On Thursday, May 12, Governor Christie vetoed A2171/S1393, the New Jersey Health Benefit Exchange Act. The governor waited until the last day to exercise his veto power, and up until that time, individuals and organizations in support and opposition to the bill were unsure what his decision would be.
There has been a great deal of commentary on Governor Christie’s veto of A2171, but the Governor provided an explanation of his actions on his page. I give credit to the governor for his diplomacy when he refers to the “significant public debate and discourse” that occurred during the federal government’s passage of the Patient Protection and Affordable Care Act, a.k.a. Obamacare. Congress went out of their way to suppress debate on the bill and rush it through, complete with hastily scribbled hand corrections. As Nancy Pelosi put it, we had to pass it before we found out what was in it…but I digress.
While Tenthers, and anyone else concerned about the Constitution, are justified in applauding the governor’s veto, we should also remain vigilant. Nowhere in the governor’s explanation did he say that the individual mandate, or further federal expansion into health care, or federal involvement in health care to begin with, was unconstitutional. He did not say he would veto a reintroduced, modified version of the New Jersey Health Benefit Exchange Act if the U.S. Supreme Court ruled the PPACA constitutional later this year, which is a possibility.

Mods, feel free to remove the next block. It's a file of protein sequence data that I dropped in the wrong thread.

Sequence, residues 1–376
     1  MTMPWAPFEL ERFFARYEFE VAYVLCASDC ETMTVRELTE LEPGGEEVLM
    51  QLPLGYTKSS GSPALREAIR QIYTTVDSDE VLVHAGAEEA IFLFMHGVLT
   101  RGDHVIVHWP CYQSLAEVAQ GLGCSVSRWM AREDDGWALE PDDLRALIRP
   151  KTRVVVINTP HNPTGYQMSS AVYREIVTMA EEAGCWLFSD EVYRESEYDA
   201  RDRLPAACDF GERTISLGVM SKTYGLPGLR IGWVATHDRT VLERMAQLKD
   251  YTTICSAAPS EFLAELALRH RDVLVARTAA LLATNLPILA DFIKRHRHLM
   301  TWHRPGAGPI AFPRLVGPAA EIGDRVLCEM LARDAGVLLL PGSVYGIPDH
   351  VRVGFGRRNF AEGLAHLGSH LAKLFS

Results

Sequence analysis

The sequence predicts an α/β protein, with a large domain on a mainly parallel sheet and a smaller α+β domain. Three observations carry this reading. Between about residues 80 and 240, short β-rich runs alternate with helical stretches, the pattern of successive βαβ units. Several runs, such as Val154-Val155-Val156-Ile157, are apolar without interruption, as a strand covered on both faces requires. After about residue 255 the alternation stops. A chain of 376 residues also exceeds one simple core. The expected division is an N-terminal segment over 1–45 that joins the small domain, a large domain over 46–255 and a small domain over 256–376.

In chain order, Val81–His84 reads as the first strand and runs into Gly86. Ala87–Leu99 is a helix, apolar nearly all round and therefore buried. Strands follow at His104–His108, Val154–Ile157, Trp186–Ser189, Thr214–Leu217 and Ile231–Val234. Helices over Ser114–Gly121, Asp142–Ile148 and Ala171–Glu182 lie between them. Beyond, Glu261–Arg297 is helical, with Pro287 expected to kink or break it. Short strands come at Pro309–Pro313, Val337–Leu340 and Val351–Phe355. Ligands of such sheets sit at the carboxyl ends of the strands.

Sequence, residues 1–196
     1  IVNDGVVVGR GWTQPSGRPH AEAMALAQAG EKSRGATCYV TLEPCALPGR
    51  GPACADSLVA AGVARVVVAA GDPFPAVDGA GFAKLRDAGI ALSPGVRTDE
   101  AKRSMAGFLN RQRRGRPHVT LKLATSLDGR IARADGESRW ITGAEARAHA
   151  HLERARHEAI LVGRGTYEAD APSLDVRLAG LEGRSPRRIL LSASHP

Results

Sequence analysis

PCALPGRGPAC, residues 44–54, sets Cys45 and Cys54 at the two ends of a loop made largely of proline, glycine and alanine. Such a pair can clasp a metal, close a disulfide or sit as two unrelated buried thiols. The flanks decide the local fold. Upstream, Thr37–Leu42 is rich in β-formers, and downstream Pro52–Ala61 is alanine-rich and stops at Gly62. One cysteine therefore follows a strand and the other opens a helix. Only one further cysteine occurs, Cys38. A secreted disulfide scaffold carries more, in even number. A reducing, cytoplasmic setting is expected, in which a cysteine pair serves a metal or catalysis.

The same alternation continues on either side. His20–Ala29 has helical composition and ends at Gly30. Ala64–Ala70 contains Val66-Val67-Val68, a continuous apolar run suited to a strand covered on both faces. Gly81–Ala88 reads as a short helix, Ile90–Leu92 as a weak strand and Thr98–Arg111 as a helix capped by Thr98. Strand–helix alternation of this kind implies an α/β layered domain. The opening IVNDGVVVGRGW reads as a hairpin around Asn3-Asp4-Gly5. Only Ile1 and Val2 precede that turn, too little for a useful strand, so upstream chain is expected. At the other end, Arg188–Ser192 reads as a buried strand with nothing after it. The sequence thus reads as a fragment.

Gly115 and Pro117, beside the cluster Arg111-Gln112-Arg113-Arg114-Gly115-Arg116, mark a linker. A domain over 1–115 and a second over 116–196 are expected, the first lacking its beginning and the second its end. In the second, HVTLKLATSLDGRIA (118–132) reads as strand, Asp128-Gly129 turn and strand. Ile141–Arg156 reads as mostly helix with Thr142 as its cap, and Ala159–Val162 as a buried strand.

Contact Governor Christie if you have not done so already. Thank him for his veto of A2171, and urge him to veto any and all further legislation that would surrender our state sovereignty, whether on matters of health care or anything else. In addition, contact your state legislators if you believe our health care, and much more specifically our health insurance system, needs reform. That is where the debate should have been in the first place. Let them know you’ll be watching them to see what they do, and that they won’t be able to pass a 2,000 page bill on us like Congress did. Remind them that they represent and are accountable to you, not Washington, D.C.
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